Friday, January 30, 2009
Love Letter from a NRBQ Cult Member
1994's Message for the Mess Age—a recommended starting point for any listener.
Matt Groening salutes NRBQ. That's fame, isn't it?
Master songwriter Al Anderson
The inspiration for this entry—Joey Spampinato
It was Joey Spampinato's birthday yesterday. Every morning before the first period bell rings I regale my homeroom with selected facts from a feature called "This Date in History" in The Boston Globe. I noted Joey's birthday while my favorite rock band NRBQ played a song written in his honor ("Spampinato") behind me.
Hey, if it leads to one download, the smallest "ka-ching", for the boys, then I've done my job. Throughout the day I listened to the Q and was reminded once more why I love them so dearly. Yes, like the San Francisco Chronicle, I mourn too for the passing of this "sadly defunct cult band."
Why they never gained more than a cult following says much about how rock music was packaged and sold in the previous decades. NRBQ (short for New Rhthym and Blues Quartet) was never able to be pigeon-holed. They were rock, pop, jazz, country, blues. Their inspirations ran from Harry Nilsson to Carl Perkins to Johnny Cash. They were simply an infectious bar band that never got beyond the tavern because they didn't translate to the masses. Yes, I'm being a bit snooty here!
For most of their history Al Anderson, a top-notch songwriter, penned many of what I find their most memorable and durable tunes. May I submit for your consideration the 1994 release Message for the Mess Age? This release was actually Al's swan song, but he went out blazing with the tracks "A Little Bit of Bad" (dig the bass hook!) and "Nothin' Wrong with Me". In the latter, the rhythm rolls and Al, whose voice is very pleasing to the ear, drives home the clever lyric.
Just because I sleep the whole day through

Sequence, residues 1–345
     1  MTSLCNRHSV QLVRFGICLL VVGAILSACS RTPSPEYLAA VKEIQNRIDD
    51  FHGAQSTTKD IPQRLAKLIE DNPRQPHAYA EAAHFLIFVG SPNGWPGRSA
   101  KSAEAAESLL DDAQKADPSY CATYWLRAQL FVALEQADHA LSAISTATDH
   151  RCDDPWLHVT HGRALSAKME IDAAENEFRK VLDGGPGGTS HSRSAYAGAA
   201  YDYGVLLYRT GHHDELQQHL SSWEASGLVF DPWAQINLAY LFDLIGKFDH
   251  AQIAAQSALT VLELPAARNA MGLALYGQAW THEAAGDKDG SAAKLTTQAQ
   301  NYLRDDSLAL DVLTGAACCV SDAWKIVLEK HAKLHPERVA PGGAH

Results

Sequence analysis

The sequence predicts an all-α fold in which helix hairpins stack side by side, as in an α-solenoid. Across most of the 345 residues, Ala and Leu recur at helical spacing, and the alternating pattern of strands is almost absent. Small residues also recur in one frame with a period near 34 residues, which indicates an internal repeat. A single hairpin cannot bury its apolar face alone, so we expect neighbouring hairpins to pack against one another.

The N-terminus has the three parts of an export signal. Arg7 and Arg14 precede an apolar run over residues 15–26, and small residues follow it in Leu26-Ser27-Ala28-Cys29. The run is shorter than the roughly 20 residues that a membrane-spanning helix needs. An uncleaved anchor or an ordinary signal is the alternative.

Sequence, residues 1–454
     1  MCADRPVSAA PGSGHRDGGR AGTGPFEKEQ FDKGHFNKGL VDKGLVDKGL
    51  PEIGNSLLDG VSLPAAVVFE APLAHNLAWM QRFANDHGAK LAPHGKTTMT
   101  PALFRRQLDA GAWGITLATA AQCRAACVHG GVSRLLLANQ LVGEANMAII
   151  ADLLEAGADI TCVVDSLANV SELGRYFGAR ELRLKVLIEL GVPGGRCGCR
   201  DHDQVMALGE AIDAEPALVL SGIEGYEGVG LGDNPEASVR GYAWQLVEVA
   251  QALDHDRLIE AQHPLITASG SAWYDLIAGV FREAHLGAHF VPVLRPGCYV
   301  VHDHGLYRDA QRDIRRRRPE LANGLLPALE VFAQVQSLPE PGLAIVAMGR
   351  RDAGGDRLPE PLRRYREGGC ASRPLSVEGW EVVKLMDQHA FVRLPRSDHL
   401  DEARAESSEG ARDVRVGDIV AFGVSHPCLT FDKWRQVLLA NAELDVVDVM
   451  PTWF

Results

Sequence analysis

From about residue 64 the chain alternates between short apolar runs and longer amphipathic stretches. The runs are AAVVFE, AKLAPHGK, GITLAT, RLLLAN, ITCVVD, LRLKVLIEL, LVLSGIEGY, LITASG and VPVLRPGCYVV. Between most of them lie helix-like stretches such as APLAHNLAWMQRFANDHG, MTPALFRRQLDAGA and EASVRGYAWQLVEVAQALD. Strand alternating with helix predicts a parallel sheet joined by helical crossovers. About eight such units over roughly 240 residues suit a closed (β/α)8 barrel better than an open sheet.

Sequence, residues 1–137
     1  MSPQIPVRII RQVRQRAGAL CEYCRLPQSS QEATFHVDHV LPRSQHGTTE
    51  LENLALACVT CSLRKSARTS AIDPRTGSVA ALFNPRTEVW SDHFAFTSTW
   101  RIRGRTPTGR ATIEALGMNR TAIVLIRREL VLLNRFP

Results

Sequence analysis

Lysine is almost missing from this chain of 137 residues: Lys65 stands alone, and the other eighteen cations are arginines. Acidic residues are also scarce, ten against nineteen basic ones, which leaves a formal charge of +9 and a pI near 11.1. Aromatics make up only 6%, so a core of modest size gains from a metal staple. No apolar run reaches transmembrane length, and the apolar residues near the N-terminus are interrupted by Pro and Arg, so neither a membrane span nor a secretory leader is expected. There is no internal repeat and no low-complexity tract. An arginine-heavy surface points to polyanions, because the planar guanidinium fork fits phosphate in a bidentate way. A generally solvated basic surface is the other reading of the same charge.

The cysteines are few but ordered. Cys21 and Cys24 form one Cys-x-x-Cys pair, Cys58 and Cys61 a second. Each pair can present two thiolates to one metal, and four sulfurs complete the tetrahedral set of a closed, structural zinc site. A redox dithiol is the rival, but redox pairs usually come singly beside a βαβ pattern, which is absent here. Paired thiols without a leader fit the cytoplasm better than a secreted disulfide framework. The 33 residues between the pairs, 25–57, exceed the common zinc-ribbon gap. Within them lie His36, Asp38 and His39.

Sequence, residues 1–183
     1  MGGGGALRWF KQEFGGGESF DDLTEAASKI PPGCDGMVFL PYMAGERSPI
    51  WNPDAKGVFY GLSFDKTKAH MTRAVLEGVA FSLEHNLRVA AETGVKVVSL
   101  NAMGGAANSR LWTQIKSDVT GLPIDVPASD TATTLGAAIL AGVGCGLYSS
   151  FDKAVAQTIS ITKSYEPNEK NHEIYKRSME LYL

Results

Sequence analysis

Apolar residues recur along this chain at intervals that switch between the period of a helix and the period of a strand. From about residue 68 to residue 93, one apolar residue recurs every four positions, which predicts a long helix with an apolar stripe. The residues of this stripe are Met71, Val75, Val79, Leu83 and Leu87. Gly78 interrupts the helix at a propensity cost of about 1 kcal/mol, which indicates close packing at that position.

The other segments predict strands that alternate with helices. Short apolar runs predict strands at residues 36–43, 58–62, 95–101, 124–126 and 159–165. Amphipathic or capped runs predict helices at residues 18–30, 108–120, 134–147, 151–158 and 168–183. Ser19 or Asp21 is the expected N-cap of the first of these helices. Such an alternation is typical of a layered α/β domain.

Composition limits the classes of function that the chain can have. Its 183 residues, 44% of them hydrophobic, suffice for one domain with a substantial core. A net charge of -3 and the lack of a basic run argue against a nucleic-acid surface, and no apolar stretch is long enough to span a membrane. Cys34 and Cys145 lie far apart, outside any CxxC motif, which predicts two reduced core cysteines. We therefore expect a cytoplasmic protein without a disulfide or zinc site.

Don't think that I'm dreaming about you
When I awake I see what's on TV
Life is great, there's nothin' wrong with me
Just because I like to drink alone
And I don't bother answering the phone
I feel no pain, I'm happy as can be
And baby, there ain't nothin' wrong with me
I'll bet you're sorry you walked out the door
Hey, look at me, who could ask for more
I know by now that you have changed your mind
And I bet you're wishing you had back
The guy you left behind
Al tired of the road and the obscurity shortly after this release and high-tailed it to Nashville, where for 14 years he's been writing for a variety of popular country singers. Throughout his career he has also issued solo work. Give 2006's After Hours a listen—any song from it could be plucked and turned into a hit by the right talent. (Also highly recommended for a hard-rockin', roadhouse blues havin' good time is 1996's Pay Before You Pump.)
The heart of NRBQ throughout it history was Terry Adams. Terry played the piano and electric keyboards and provide lead vocals on much of his material. When you'd see NRBQ in concert, Terry always made a splash when he shook his long blonde tresses and displayed his sublime skill playing boogie-woogie on the keys. He'd play standing up mostly, and his banter with bandmates between songs was often funny.
Terry and Joey Spampinato often teamed up to write and sing. Their music could be incredibly sweet. Take "Ramona" from Mess Age—
Ramona, ohh, I just lose it when you smile at me
It's such a feeling I can't hide
It comes from way down deep inside, oh, Ramona
Just like a roller coaster ride, ahh
You're just so very, very
Be my Ramona now
Joey has a terrific voice—so melodious and captivating. You'll be smitten on first listen.
These two penned many rockers too. Bonnie Raitt, an admirer of the Q, chose their composition "Green Lights" as a title track on one of her releases.
I was a late admirer of NRBQ. In college, I listened to Scraps, and enjoyed their take on "Ac-cent-tchu-ate the Postive", but I never saw them in concert or bought another recording. Then, through most of the 1980s, I engaged in my autodidactic pursuit of jazz standards and anything Sinatra. It was only in the early '90s when I re-engaged with rock that I awoke to their massive talent.
I then picked up much of their vinyl released on Rounder Records, a Cambridge, MA based folk and roots label. NRBQ did some time on the late '60s on Columbia, but their eclecticism soon drove them to smaller labels. In 1989 their biggest salvo for commercial success, Wild Weekend, was released on Virgin Records.
I saw them probably almost a dozen times in concert, and was never disappointed. They generated a great buzz and excitement in a bar, and it was a treasure to witness their playing so up close.
So here's to the Q and to the spirit of pop music. Lift a glass to the honorable pursuit of the hook and to their two to three minute confections that stream seamlessly off any release.
If you love the Beatles (now there's an appeal to the masses!) you will love NRBQ and utterly respect their longevity and tireless devotion to their art.